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BYU QB Taysom Hill has drawn comparison to Tim Tebow

As BYU's profile has risen this season, with talk of the Cougars potentially finishing unbeaten, so, too, has junior quarterback Taysom Hill's.

Hill is showing up on more and more Heisman watch lists, and he'll remain on them as long as he continues to produce and as long as BYU continues to win.

"I try to do my best to stay in the moment," he told reporters earlier this week. "We have to keep winning and we're going to get some great publicity for our program and our school. But I know in order for that to happen we just have to take care of business."

Saturday's game against Virginia is one of the best of the weekend, and Hill's presence in the BYU backfield ensures that the Cavaliers are in for a tough day.

Hill (6-foot-2, 232 pounds) has thrown for 689 yards and four TDs and has rushed for another 356 yards; he is tied for third nationally with six rushing touchdowns. His size and dual-threat ability impressed Texas defensive coordinator Vance Bedford -- and that was before Hill accounted for 280 yards of total offense and three TDs in the Cougars' 41-7 rout. On a 30-yard TD run, Hill hurdled a Longhorns defender on his way to the end zone.

"To be honest, and you're going to laugh at this, but he reminds me a lot of a quarterback that won the Heisman Trophy at the University of Florida," Bedford told reporters Sept. 3. "He's 235 pounds. He's a strong guy, like a fullback when he gets the football in his hands. He's a little Tim Tebow-ish -- running around, make plays.

"He's faster than you think he is. He throws well on the run. Third down and short, he becomes a fullback."

Bedford was the secondary coach at Florida in 2008 and '09, Tebow's junior and senior seasons.

Hill accounted for 360 total yards and two touchdowns when BYU beat Houston last week.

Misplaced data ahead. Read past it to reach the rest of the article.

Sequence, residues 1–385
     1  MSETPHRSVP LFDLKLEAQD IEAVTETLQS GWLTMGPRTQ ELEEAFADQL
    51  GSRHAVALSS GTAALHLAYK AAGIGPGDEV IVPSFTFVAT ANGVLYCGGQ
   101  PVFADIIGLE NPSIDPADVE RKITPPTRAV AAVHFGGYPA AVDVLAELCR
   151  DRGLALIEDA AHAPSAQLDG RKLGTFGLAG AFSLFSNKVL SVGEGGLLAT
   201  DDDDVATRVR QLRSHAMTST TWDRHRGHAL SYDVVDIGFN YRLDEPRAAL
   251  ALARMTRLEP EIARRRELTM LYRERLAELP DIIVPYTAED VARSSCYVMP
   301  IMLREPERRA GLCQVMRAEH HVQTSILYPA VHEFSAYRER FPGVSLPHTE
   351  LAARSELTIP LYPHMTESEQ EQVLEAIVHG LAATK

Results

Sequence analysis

"When you talk about dual-threat -- if you looked up a dual-threat quarterback in a dictionary, they should have his picture there as an example," Cougars coach Tony Levine told reporters.

Hill, from Pocatello, Idaho, signed with Stanford out of high school as part of the 2009 recruiting class. But he went on a Mormon mission out of high school, and when he returned from his mission in Australia, he decided to attend BYU. One of his older brothers, Jordan, was a defensive tackle at Arizona State and finished up his eligibility in 2006.

Taysom Hill became BYU's starter midway through his freshman season in 2012, beating out Riley Nelson, but suffered a knee injury and missed the final seven games of the season. As a sophomore last season, the starting job was all Hill's. While he finished 10th nationally in total offense (his 4,282 yards were fifth-most in school history), he was an inconsistent passer; he completed just 53.9 percent of his passes and threw 19 TDs and 14 interceptions. He did run for 1,344 yards and 10 TDs, though.

This season, his completion percentage is up to 68.4, though along with his four TDs, he also has thrown three interceptions. Still, there's no doubt he is BYU's most important player.

Virginia beat BYU 19-16 last season and Hill had the worst passing day of his career, going 13-of-40 for 175 yards, a TD and an interception. He also rushed for 42 yards and a score. But despite the modest stats, Virginia linebacker Henry Coley was impressed then and remains so.

"He definitely put that team on his back, day in and day out. Even last year, he took some hits," Coley told reporters this week. "I told him after the game, 'You got heart, man.' ... I don't want to say he is the team, but in my eyes, he kind of is the team."

Mike Huguenin can be reached at You also can follow him on Twitter @MikeHuguenin.

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